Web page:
- August 2, 2019
- Posted by: Josiah Hincks Solicitors
- Category: Legal News, News
Huge investments of time and money that go into establishing successful brands in the public mind would routinely be wasted were it not for trade mark protection. The point was powerfully made by a case in which Claridge’s Hotel successfully sued a small company which sold candles under a confusingly similar name.
The hotel, which has become a byword for luxury since it opened in 1889, did not dispute that the company’s founder had selected the word ‘Claridge’ to describe its range of scented candles because she liked the sound of the word, which also formed part of her street address, rather than with the hotel in mind.
However, in upholding the hotel’s claim that the candles infringed its ‘Claridge’s’ trade mark, the High Court noted that the two words are visually and aurally almost identical, one being the possessive form of the other. The trade mark had a distinctive character and was the focus of the hotel’s very substantial reputation for luxury, glamour, exclusivity and elegance.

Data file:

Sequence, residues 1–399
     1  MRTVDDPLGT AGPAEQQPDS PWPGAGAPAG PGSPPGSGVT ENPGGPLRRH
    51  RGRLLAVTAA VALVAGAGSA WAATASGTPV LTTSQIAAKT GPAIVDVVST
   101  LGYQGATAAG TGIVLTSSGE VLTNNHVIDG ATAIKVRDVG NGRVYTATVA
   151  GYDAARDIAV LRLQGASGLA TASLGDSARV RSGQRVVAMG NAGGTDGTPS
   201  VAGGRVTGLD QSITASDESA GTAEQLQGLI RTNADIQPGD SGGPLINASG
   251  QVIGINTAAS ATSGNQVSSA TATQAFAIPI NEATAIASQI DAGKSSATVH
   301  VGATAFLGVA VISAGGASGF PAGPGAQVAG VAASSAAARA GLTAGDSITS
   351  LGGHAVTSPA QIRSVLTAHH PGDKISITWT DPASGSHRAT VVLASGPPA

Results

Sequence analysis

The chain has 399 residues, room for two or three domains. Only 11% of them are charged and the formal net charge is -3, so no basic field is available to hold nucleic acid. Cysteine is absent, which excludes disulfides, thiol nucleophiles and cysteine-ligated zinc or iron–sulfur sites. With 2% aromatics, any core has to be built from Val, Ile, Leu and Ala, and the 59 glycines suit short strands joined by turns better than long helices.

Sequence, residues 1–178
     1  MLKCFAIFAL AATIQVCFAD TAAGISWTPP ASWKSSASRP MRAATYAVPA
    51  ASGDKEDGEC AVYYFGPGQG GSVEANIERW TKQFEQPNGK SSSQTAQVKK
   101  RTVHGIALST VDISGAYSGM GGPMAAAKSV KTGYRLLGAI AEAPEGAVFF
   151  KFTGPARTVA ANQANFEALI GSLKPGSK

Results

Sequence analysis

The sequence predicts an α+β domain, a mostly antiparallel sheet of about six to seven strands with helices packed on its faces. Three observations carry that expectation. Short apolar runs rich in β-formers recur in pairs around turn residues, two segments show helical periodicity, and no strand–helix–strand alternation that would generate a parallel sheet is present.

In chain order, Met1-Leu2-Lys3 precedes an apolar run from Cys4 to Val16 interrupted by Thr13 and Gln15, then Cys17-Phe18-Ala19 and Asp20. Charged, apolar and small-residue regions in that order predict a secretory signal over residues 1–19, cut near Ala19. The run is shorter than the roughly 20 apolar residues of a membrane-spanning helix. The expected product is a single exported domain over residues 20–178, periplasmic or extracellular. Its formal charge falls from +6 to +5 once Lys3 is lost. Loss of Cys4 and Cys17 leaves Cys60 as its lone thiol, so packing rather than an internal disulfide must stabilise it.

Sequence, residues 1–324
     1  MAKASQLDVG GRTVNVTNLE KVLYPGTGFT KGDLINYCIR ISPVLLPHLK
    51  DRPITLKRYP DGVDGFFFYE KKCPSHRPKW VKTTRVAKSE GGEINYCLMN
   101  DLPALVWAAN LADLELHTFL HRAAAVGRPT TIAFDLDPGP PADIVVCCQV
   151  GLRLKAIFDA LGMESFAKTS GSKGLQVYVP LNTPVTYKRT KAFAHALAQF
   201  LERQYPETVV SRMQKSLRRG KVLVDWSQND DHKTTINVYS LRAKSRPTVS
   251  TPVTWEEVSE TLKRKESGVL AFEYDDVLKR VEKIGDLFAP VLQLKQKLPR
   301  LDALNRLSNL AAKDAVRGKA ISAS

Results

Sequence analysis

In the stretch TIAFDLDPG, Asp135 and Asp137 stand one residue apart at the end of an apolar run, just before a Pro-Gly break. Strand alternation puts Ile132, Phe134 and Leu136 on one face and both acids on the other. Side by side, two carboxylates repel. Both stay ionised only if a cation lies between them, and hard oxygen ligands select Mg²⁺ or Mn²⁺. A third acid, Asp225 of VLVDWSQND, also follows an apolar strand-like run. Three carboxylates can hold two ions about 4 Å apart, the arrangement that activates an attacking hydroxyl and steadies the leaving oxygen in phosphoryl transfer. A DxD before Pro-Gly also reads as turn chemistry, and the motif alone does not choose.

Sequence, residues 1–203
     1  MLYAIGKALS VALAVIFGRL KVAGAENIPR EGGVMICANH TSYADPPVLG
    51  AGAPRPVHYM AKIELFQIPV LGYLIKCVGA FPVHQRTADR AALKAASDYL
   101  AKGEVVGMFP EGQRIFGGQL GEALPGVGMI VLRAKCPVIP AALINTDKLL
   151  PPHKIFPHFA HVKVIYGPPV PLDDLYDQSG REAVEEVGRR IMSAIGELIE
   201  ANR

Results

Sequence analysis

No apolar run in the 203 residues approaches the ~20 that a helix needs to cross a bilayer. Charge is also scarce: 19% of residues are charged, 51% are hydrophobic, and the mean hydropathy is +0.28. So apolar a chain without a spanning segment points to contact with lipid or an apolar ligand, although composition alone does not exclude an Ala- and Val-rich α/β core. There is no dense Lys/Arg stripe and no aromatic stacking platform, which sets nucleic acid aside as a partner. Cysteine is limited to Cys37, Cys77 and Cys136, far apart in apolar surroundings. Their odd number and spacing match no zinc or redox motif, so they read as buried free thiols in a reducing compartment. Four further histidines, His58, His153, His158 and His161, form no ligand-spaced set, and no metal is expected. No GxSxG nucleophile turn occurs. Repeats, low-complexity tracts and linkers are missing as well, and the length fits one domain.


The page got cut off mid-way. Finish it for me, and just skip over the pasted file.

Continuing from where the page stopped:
Although there was no direct evidence of actual confusion, there was a risk that the public might view the candles as economically linked to the hotel. The use of the word ‘Claridge’ to market the candles had an effect on the economic behaviour of the company’s customers, enabling it to sell more products at higher prices, and took unfair commercial advantage of the hotel’s reputation.
In also upholding the hotel’s passing off claim, the Court found that, notwithstanding the difference between the hotel’s services and the candles, the ‘Claridge’ branding of the latter was likely to lead the public to believe that they were in some way connected or associated with the hotel.
The Court found that the classes of goods covered by the trade mark were in some respects too wide and that amendments would accordingly need to be made to its registration. However, its decision opened the way for the hotel to seek damages and an injunction against the company and its founder and majority shareholder, who was found jointly and severally liable for the infringement.